Time is of the essence: How to best spend 30 minutes for your health

Today’s post comes from Jonathan Kurka and Matthew Buman, discussing a recent paper that they published in the American Journal of Epidemiology.  Below is a video of Dr Buman explaining the main findings of his study, which was recorded in the fall of 2012.  More on Mr Kurka and Dr Buman can be found at the bottom of this post.

It seems there is never enough time in the day, and this is often the reason people tend not to exercise even if they know they should. There are only 24 hours in a day and all of our daily behaviors can be broken down into three basic categories. Sedentary behaviors include any activity in which you aren’t active, such as sitting while watching TV, sitting while at a computer at work, driving your car, or lying down without sleeping. Active behaviors include walking, jogging, exercising, or even performing household chores such as cleaning, cooking, and vacuuming. Sleeping behaviors include naps and your nightly rest period.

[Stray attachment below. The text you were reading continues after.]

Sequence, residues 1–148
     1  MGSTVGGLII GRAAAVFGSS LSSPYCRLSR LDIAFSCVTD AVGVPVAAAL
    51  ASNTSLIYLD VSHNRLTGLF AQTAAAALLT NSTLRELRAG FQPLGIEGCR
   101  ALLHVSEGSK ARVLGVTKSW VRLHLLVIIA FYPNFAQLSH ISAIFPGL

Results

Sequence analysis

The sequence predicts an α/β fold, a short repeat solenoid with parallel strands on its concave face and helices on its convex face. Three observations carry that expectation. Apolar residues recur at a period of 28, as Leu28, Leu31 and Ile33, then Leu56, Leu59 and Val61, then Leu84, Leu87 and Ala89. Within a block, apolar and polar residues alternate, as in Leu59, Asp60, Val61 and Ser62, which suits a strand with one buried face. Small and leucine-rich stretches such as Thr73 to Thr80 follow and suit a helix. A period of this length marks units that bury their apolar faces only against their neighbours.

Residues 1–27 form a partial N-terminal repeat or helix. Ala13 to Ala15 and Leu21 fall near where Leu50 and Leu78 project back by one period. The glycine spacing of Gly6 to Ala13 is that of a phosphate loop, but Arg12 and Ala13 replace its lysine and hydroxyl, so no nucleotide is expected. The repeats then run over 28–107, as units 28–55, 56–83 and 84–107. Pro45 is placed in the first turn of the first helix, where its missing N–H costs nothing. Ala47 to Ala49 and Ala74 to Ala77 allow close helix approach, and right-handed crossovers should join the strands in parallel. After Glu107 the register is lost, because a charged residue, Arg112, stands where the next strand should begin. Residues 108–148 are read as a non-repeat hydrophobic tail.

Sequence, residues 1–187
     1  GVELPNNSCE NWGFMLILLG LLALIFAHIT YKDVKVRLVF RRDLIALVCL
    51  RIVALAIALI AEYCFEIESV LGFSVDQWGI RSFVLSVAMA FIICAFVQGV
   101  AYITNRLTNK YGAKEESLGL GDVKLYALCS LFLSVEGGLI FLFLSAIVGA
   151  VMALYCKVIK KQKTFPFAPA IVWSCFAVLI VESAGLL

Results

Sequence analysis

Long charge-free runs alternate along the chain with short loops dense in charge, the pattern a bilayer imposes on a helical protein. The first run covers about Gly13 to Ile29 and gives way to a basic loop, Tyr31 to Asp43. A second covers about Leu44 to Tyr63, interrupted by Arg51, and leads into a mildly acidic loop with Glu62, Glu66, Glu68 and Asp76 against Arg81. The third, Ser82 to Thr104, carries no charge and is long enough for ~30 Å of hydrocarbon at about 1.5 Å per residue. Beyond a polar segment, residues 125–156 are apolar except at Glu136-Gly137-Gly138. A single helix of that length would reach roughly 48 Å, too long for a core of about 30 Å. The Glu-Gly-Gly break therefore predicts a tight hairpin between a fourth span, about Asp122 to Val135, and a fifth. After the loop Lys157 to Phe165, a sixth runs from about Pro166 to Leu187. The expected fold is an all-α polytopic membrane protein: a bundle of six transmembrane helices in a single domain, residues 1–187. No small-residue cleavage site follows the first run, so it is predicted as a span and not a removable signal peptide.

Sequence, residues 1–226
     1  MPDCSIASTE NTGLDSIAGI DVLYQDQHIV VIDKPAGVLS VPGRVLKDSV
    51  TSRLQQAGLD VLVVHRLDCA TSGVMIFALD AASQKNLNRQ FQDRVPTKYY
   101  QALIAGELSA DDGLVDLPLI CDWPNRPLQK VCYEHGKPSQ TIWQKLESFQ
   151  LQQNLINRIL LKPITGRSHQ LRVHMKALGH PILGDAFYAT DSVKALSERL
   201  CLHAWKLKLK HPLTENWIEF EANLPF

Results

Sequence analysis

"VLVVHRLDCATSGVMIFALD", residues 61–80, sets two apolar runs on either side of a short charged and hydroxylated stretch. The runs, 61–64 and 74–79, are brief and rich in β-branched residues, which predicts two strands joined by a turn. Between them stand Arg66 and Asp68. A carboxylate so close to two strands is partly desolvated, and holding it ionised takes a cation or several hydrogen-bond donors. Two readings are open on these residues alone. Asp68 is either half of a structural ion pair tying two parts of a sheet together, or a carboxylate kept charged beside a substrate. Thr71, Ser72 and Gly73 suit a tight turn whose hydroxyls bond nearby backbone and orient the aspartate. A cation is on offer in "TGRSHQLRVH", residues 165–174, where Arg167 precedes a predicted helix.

Note: in research, we often break activity behaviors up, based on intensity, into light intensity (LIPA; activities that don’t require a lot of effort, but are still active, such as walking and cleaning) and moderate-to-vigorous (MVPA; activities that really make you sweat!) physical activity.

Because the total time in one day equals the sum of sleep, sedentary behavior, LIPA, and MVPA, if you increase time in one behavior, you’ll have to decrease time in another. So if we were able to add a 30 minute jog (that’s MVPA) to our day, what other behavior would we be doing 30 minutes less of? Would that jog replace watching a TV show (sedentary)? Or cleaning the kitchen (LIPA)? Or perhaps going to bed 30 minutes earlier (sleep)?